Blackmouth Basics (Part 2)

Winter Blackmouth taken on a Silver Horde Kingfisher Spoon


Blackmouth Basics 2

Last month in Part 1 we covered how to target winter blackmouth by locating bait, current movement and structure. This month we will talk about fishing techniques. Blackmouth fishing, like all salmon fishing can be divided in to 3 basic fishing methods. I will discuss what tackle I use and have had the best success with over many years but as always I encourage anglers to go with what works best for them. If you have a productive technique always go with it, this is simply some of the methods that work for me.

Let’s start with mooching. I use a lightweight fast action rod; my choice is a G Loomis HSR1021C. For a reel I use a Shimano Tekota 300LC loaded up with 30lb Power Pro braid. This setup has great balance and sensitivity. You can feel the slightest pickup on a bait.

Cut plug herring is the bait of choice when it comes to mooching. Begin your bait preparation with a sharp knife. Lay the herring on the cutting board and with the head to the right make one clean cut at a 45-degree angle behind the gills with the knife slightly angled toward the tail. Remove the head and viscera from the body cavity.

I Pre-tie several spools of leaders with Mustad 9263 thin wire barbless 2/0-3/0 hooks in 12-14 lb. test about 6-8ft. long. Take the first hook and run it through the abdomen and out the lateral line on the side of the herring, leave it hanging free. Take the top hook the 3/0 and run it out the top of the spine of the herring near the front of the cut. If you did it right it will spin like a drill bit in the water. Blackmouth like tight spinning herring. I run round ball mooching sinkers 2-6 oz. on a sliding rig.

Fish the total water column dropping to the bottom and reeling up slowly or watch your sonar and target feeding blackmouth under the bait.

Jigging is especially effective if the fish are concentrated. Since you do not cover a lot of water in this method of fishing you need to locate the fish with your sonar and try to hover over them. With the Lowrance HDS unit I can watch the jig drop right into the fish school, there is little doubt when you are in the right spot.

To employee jigging correctly you need to remain vertical over the fish. This can require backing the boat in to the current with the kicker engine to fish your jigs vertically.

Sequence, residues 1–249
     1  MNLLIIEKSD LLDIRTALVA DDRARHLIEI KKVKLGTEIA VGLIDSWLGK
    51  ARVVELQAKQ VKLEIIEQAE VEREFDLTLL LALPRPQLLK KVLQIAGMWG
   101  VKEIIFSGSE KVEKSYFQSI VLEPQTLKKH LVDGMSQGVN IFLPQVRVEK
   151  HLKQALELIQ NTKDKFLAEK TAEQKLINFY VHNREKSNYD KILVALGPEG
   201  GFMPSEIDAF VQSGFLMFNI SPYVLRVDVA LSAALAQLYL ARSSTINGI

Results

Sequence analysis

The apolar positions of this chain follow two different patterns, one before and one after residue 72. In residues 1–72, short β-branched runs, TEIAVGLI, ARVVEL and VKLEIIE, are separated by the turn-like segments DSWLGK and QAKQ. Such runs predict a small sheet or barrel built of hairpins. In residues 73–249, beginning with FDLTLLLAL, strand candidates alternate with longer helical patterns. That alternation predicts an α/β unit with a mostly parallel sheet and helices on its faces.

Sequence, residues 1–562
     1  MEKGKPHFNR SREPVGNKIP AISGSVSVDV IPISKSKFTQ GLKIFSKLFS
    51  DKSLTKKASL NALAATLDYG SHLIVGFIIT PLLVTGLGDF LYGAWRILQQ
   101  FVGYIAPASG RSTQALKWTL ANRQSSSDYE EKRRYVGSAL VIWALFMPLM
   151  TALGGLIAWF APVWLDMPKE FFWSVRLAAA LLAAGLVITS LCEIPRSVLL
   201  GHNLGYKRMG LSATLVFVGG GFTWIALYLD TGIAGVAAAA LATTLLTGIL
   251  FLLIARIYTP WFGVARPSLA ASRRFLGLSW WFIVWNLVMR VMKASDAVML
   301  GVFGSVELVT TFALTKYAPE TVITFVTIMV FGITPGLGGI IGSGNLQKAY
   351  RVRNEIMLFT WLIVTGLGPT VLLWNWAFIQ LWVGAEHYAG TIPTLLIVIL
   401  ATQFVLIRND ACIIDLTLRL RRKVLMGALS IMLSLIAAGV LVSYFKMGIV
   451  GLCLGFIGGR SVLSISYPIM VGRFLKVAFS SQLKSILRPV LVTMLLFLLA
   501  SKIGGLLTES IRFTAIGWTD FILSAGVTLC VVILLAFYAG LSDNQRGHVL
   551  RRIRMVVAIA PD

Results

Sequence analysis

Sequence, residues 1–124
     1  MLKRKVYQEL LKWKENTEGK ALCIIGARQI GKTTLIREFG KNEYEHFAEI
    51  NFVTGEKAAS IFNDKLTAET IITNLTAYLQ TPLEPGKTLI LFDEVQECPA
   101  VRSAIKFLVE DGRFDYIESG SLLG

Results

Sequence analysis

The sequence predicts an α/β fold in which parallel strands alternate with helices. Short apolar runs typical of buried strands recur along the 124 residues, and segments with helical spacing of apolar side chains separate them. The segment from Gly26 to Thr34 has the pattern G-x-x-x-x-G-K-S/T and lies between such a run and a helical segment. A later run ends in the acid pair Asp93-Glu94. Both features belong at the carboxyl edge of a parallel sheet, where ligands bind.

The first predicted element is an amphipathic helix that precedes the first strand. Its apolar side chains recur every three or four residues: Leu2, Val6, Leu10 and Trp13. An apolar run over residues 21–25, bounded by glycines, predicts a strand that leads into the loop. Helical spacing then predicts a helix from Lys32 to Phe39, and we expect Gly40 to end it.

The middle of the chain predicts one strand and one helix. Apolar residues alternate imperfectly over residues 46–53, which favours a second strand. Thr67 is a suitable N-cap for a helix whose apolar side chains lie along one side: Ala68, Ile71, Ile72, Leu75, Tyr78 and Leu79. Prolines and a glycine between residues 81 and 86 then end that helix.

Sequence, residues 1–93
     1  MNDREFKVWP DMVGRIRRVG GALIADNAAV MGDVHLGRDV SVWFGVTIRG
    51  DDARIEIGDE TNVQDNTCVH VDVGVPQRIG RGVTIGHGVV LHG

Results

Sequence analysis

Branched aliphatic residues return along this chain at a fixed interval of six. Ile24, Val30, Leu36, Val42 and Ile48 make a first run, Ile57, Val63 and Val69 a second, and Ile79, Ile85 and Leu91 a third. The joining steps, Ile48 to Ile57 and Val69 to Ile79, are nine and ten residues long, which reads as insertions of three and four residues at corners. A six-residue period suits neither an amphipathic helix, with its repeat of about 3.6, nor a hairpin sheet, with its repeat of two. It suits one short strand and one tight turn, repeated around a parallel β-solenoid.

I prefer Pt. Wilson Darts rigged with a barrel swivel and single sidewash jigs in 3-6 oz. size. You will have to use a heavier jig the deeper you fish. The best jigging action accomplished by raising your rod tip 3-4 inches and dropping it back down so the jig can flutter. For blackmouth, work the bottom 10 ft of the water column.

For a jigging rod and reel I prefer a Shimano Trevala Butterfly jigging rod with a Shimano Trinidad 16N reel. I use 50lb power pro for a main line tied to a QuickRig swivel to 20lb fluorocarbon shock leader tired to the jig. The QuickRig is a very small swivel that is capable of being reeled through he eyes of the rod but has the strength to hold halibut or even a marlin. This allows me to use a longer leader but able to reel all of it up onto the reel. This is an extremely useful setup as just by changing the size of the shock leader I can use this setup for salmon, halibut or even tuna jigging all with one rod & reel setup.

Trolling off of a downrigger is in my opinion the best method for consistently hooking blackmouth. I spend much of the winter season employing this method of fishing. I run 3 electric Hi Performance Scotty 2106 downriggers on the 26 ft. Salt Patrol Team Lowrance Boat, they’re hard to beat for producing blackmouth day in and day out. Being able to cover lots of water with your tackle at a controlled depth is an extremely effective way to fish for winter chinook that like to inhabit the deep waters of Puget Sound.

My rod & reel setup is a Shimano Tekota 500LC reel and G. Loomis 10.6-foot SAR1265C rods. The reels are spooled up with 25-pound test main line. Yes this is the one method that I still run mono line in.

Top tackle if you want to fish light is a cutplug herring. It’s hard to beat if you’re a light tackle enthusiast like myself. If there are a lot of fish around and no leader eating dogfish then you can’t beat a herring for fun on this setup.

Pro-Troll ProChip 11 Inch flashers in green glow colors are the work horse of my hardware fishing. I couple these with Silver Horde spoons, my favorites are The Coho Killer, Kingfisher and Sonic Edge. I can’t tell you over the years how many fish these spoons have produced for me.

The green glow spatter back and white glow squids and the Ace High Fly can also do plenty of damage on the blackmouth population.

For correct leader lengths visit and check out the chart on flasher leader lengths and videos on rigging spoons and hootchies.

Trolling downriggers I spend most of my time glued to my Lowrance HDS sonar screen watching for bait or fish near the bottom and adjusting my rigger depth to match what I’m seeing on the screen. I like to run my gear about 1-2 feet above where I see salmon marks on the HDS. Salmon can look ahead or up but not down very well and like to strike from below their prey.

I like to troll bracketing the water depth by adding depth on each pass until I hit fish or locate bait. I then I try to stay with the bait or fish and keep pounding them with tackle until I get a hookup or run the fish off. Then its back on the troll, eyes glued to the sonar.

Capt John Keizer


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